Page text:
If you feel like this please talk to someone (me if there is no-one else) and get help. It is there… you just need a helping hand to find it.”

Relating to work and social life:

  • “The boss always ends up telling me what to do, I don’t take that so I tell him where to shove it and move on.”
  • “I can’t concentrate and make decisions like I could before.”
  • “I can’t cope with the stress like I did before.”
  • “I’m frightened I’ll see something that reminds me of this time and I’ll fall apart again. I can’t go back.”
  • “It’ll kill me if I have to go back to work.”
  • “My wife gets really upset because I don’t want to go out. I can’t cope with people and I can’t cope with bloody small talk.”
  • “I work 16 hours a day, seven days a week and I’ve done that for the last X years.”

“This is the slippery slope to total breakdown. I am now unemployed but I hope not unemployable. I am trying to cope with my problem and rebuild my life. It is hard but I am getting there.”

“I will not be beaten by this anymore”

Relating to alcohol and drug addiction:

  • “If I’m not working I’m drinking and sometimes I even have to drink on the job to get through the day.”
  • “I can only cope with life when I’m pissed.”
  • “The dope makes my problems seem further away, not such a part of me.”

“I am lucky because I never had these problems. My addiction was work and believe me it was just as destructive to my life.”

“Whatever the addiction there is help out there. Talk to SSAFA Forces Help, Royal British Legion or Combat Stress or any other agency or charity who can help you with the specific problem you have got.”

Alcoholics Anonymous
Alcohol Concern
National Drugs Helpline
Narcotics Anonymous
Gamblers Anonymous

4 Responses to PTSD Effects

  1. peter starrs says:

    hi i have suffered from ptsd since i was diagnosed by combat stress in 2004 from service in ireland i feel the nhs dosent beleive my feelings and have given my various diagnoses which were tosh no one understands that a sqauddie will try and keep goin till the end and they see this as a sign of recovery i cant sleep without the help of medication and when this runns out i walk most of the night i dissapear for a few days at a time just to be on my own the nightmares are bad enough but the flashbacks are phenomanal the adrenaline rush takes a long time to reduce to normal levels i recently was admitted to a unit for rest as i was exausted they bought the youngsters x box call off duty big mistake that one i spent most off my time in the bushes then to cap it my named nurse was from belfast i got out of there quickly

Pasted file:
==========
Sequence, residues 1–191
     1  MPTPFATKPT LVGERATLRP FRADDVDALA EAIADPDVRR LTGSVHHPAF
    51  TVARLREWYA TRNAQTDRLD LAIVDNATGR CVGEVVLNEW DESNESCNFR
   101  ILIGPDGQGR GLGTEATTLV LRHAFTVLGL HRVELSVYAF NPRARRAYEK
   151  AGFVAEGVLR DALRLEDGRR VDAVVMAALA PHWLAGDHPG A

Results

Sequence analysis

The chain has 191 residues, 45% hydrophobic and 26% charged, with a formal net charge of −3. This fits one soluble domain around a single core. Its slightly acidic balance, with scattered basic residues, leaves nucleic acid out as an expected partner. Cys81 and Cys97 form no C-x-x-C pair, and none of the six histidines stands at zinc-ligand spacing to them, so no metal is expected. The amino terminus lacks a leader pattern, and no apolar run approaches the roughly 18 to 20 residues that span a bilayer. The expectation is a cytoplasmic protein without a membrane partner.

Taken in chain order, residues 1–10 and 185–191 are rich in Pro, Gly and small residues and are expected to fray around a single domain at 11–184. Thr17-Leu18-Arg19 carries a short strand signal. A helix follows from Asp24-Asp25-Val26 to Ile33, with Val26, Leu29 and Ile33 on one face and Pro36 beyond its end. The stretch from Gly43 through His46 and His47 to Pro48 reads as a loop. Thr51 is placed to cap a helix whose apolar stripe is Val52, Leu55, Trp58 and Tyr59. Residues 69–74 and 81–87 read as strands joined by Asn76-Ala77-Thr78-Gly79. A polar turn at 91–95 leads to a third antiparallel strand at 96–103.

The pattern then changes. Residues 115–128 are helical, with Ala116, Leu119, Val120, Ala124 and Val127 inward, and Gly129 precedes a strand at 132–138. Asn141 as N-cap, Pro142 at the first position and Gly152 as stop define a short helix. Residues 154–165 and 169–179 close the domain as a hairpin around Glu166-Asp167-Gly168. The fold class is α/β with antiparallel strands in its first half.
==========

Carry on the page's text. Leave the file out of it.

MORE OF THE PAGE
2. lisa says:

    this site has been very least i now no im not going mad anymore.and theres other people like me out there.many thanks.x

  3. Samantha Timmins says:

    I have a friend who has PTSD and I’m worried for him. I don’t know who to turn to or how to help him. He’ll go for days without contacting anyone, the longest he’s gone for has been 25 days. I thought he’d done something terrible to himself. It scares me that I can’t help, I don’t know what to say, how to approach him, I fear that something I say/do might tip him over the edge. I want to understand better, but I’m worried that it’ll damage us both even more. I just want to help, even if it’s just to listen.